A calm and cozy interior style of German and Austrian burghers
Biedermeier is a provincial and modest style of interior design with sentimental motifs. Biedermeier embodies the idea of a typical 19th-century German burgher of a cozy and practical home.
It is also a separate trend in art, which combines the features of romanticism and empire, and the main character of the works is a modest layman. In addition, the term “Biedermeier” is widely used to refer to styles of furniture, architecture and fashion from the period of the first half of the 19th century.
Features of the Biedermeier style
Biedermeier, unlike most traditional interior styles, has a pronounced functional focus. There is practically no luxury and pomposity in it, but great importance is attached to practicality and home comfort.
The main distinguishing features of the Biedermeier style include:
- the predominance of free space in the room;
- elaborate lighting with large windows and elegant lamps;
- warm colors for decorating rooms in yellow or brown tones;
- the simplicity of furniture made from light wood species (walnut, ash, cherry, pear);
- elegant decoration of voids and niches with uncomplicated decor;
- the predominance of smooth transitions and lines in the interior, the absence of sharp corners;
- an abundance of textiles with colorful colors, as well as floral ornaments and patterns in the upholstery of upholstered furniture;
- modest decoration of walls and ceiling in soothing colors.
The floor in Biedermeier-style rooms is usually made of parquet. Nowadays, laminate is also often used, skillfully imitating a parquet board. The central part of the room is often covered with a carpet with a long pile. Curtains for windows are selected from expensive fabrics (velvet or muslin).
Furniture plays an important role in the setting, especially a large table with chairs on curved legs. Such a set is installed in the central part of the room, and along the walls there are cupboards, chests of drawers, sideboards, whatnots, a bureau and a dressing table. As upholstered furniture, wide sofas are used, as well as a variety of pouffes and low chairs. The beds are distinguished by the simplicity of forms and the absence of complex carved decorations on them.
The decor is also an invariable attribute of the interior in the Biedermeier style. Old engravings, watercolors and family photographs look impressive on the walls. Figurines and caskets occupy a prominent place on the shelves of whatnots, and porcelain dishes and ceramics in sideboards. Embroidered tablecloths and openwork napkins emphasize the coziness of a homely atmosphere. Fresh flowers in pots symbolize the inextricable connection with wildlife.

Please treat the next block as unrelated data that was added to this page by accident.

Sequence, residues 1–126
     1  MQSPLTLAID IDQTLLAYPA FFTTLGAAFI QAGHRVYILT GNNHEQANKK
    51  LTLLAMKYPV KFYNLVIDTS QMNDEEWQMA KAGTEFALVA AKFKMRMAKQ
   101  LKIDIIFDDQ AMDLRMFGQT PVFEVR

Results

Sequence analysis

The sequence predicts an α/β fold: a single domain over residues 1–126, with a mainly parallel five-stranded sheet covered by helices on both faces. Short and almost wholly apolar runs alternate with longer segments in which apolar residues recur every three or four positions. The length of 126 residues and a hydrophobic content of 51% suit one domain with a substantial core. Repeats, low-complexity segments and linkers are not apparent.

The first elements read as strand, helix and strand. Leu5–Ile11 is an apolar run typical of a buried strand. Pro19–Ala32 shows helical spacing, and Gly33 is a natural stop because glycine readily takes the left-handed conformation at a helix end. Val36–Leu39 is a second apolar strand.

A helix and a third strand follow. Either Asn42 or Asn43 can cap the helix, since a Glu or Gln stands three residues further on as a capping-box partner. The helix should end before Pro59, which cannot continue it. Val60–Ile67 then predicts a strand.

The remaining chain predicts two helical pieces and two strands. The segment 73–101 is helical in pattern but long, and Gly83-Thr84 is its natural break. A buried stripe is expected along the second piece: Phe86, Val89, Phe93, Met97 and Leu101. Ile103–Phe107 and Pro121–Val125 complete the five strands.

History of the Biedermeier style
The history of the Biedermeier style has more than 200 years, and the main reason for its appearance was the cardinal political changes in the life of the German and Austrian bourgeoisie. In 1815, the turbulent era of the Napoleonic Wars ended in Europe and people got the opportunity to return to a calm, measured life. Many German and Austrian burghers wanted to get away from reality, immerse themselves in simple family concerns and take a break from revolutionary events.
Biedermeier was formed from several main components. From the English Georgian style, he borrowed the rationality and simplicity of forms, from the French Empire – constructiveness, and from the Rococo – the smoothness of forms and lines. For 30 years, Biedermeier was rapidly gaining popularity on the territory of the German and Austro-Hungarian empires. During this time, it became the predominant provincial style of interior design and developed distinctive features.
But the popularity of the Biedermeier turned out to be very short-lived even in Germany and Austria, and in other European countries it was not in demand at all. Already at the beginning of the second half of the 19th century, this style ceased to be in demand, and at the beginning of the 20th century its name even received a pronounced negative connotation.
Little interest in Biedermeier has only been revived in modern times. Today, this traditional style of interior design cannot be attributed to the most popular, but it has its admirers in different parts of our planet.
Biedermeier is ideal for people who are tired of the bustle of the city and appreciate the comfort of home. This style is able to fully satisfy the needs of a person in inexpensive practical housing and create a comfortable environment. And today it remains as sentimental, charming and romantic as it was 200 years ago.